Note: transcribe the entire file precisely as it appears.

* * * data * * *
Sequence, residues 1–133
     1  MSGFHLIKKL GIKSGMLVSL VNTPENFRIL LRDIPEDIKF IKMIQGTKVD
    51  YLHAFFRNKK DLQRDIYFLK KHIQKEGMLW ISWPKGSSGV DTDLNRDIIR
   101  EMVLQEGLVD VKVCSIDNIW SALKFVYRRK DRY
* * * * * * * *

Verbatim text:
Sequence, residues 1–133
     1  MSGFHLIKKL GIKSGMLVSL VNTPENFRIL LRDIPEDIKF IKMIQGTKVD
    51  YLHAFFRNKK DLQRDIYFLK KHIQKEGMLW ISWPKGSSGV DTDLNRDIIR
   101  EMVLQEGLVD VKVCSIDNIW SALKFVYRRK DRY